Just last week, the 2009 eNonprofit Benchmarks Study revealed that more people are donating online, but in smaller gifts than they used to.
This fact could be viewed a few ways -- the recession is hitting, or microphilanthropy is hitting its stride, or the recession hitting is helping microphilanthropy hit its stride.
I think it's the last point. So who better to capitalize on this trend than microphilanthropic organizations like Givology?
Here's the story. Last September, three UPenn seniors launched Givology with a clear mission: to raise money for scholarships and education projects for needy students in developing countries.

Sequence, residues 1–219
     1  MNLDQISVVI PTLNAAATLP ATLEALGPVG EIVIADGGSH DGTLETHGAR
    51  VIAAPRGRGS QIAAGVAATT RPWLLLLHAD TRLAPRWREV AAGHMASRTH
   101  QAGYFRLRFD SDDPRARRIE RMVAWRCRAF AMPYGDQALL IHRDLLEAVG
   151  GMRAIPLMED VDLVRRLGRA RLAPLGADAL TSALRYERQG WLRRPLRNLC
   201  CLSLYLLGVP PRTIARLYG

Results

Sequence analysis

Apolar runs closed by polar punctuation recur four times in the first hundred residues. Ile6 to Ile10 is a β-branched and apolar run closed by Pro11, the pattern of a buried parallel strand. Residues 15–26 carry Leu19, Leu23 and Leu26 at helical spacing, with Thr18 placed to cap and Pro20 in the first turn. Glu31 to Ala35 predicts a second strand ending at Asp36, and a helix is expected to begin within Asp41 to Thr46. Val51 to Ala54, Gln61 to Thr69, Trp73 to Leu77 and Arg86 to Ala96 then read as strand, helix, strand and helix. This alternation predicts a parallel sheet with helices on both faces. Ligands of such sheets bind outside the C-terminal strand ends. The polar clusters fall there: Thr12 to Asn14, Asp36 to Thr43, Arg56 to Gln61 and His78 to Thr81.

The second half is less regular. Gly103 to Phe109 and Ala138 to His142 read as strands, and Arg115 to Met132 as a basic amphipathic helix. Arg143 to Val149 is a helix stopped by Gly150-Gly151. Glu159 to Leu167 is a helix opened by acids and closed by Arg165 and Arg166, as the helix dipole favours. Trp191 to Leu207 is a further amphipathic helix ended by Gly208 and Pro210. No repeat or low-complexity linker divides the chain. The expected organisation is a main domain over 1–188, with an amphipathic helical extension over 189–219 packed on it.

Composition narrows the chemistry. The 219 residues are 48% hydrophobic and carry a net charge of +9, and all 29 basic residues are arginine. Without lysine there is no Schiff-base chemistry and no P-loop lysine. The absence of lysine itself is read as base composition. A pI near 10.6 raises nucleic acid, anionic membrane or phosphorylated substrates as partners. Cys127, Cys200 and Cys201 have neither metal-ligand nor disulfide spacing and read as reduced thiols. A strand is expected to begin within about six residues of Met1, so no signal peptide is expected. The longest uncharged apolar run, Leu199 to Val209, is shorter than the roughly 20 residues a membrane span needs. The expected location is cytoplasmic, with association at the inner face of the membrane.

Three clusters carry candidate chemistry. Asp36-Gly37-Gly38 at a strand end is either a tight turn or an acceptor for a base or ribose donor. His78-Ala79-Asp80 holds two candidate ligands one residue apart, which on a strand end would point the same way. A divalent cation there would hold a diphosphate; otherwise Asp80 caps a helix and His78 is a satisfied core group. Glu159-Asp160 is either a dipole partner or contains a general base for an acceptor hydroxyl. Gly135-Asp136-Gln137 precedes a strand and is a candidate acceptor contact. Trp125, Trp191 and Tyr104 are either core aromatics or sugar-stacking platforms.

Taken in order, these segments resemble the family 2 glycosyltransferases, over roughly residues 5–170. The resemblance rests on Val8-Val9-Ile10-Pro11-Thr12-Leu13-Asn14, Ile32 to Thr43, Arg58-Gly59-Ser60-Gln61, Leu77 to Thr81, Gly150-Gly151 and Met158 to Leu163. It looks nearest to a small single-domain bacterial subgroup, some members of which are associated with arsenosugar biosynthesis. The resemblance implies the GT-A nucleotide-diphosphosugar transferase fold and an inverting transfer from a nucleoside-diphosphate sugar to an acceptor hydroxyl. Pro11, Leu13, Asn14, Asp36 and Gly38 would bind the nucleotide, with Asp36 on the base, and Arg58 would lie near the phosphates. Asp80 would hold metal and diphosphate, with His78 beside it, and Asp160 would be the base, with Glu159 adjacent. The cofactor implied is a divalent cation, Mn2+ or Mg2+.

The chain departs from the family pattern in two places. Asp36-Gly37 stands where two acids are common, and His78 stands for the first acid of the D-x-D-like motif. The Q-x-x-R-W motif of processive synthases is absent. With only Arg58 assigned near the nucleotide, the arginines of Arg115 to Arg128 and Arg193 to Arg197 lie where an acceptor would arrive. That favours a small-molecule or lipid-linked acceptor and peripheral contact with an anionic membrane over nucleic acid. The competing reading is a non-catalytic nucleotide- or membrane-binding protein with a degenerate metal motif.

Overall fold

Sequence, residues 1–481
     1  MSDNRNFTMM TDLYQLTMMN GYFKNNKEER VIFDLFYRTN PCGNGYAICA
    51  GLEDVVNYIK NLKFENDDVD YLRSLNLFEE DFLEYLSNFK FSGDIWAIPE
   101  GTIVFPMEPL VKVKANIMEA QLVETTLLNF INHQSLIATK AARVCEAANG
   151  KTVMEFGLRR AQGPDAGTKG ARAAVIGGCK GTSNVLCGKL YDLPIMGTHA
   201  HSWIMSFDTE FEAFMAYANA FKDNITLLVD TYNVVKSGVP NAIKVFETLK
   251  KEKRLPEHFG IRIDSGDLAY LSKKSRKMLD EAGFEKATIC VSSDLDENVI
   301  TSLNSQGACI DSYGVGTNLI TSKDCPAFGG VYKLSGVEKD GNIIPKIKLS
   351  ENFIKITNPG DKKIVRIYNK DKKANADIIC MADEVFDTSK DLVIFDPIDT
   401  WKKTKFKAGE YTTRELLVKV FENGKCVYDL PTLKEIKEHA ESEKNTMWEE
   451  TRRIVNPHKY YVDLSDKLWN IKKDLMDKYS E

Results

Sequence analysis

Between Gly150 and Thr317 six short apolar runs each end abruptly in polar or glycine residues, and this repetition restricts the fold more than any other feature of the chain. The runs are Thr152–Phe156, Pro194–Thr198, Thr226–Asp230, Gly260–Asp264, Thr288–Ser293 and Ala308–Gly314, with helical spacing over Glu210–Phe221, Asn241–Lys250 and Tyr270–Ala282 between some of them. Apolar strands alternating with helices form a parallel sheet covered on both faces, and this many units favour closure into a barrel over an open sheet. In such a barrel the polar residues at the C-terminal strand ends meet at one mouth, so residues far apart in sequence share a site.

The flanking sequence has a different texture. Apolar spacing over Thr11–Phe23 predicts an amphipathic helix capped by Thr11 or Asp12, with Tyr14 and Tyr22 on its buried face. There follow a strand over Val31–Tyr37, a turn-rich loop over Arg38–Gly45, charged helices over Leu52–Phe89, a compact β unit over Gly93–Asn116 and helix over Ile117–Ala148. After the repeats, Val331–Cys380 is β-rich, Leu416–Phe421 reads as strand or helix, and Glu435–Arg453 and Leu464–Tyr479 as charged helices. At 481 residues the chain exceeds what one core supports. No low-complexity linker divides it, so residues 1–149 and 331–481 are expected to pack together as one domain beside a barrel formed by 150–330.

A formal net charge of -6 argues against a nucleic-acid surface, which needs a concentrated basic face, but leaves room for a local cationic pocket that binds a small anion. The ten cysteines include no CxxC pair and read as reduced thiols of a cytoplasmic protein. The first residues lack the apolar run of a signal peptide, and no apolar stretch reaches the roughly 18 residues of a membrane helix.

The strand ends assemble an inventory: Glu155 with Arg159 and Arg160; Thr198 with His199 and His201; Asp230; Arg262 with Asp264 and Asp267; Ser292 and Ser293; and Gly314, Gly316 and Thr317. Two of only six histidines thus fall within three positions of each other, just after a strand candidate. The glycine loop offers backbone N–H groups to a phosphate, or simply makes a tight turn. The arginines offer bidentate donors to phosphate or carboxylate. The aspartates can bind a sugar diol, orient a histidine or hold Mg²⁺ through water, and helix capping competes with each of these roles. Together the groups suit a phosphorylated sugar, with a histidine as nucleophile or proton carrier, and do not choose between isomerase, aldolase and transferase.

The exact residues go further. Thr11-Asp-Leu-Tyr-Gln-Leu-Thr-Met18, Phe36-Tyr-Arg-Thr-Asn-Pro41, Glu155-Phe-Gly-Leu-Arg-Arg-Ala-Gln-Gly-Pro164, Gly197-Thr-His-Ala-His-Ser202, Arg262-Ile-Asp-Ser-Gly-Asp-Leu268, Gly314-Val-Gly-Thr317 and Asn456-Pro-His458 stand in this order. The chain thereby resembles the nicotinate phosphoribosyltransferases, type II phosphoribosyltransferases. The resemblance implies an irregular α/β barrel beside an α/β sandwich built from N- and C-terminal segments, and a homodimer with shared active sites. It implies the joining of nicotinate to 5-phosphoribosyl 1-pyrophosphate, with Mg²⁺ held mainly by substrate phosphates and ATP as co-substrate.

But they wouldn't do it with huge campaigns or fund drives. Rather, they relied on "small-denomination contributions" to match up donors with students and projects around the world.
With donors giving as little as $5 apiece, here's what Givology has achieved so far (according to Philadelphia Inquirer):
* Raised more than $5,000
* Supported 15 organizations in Uganda, China, Kenya, India, and Rwanda
* Funded 35 students and 11 projects
Impressive for a project run by full-time students virtually and globally, with a fundraising ask of only a few dollars. And what does it tell me? That if microphilanthropy is indeed becoming mainstream, then groups like Givology are terrific examples of how to do it right.
Want to become part of the Givology community? Find out how here.
Hat tip to my mom for sending this article along!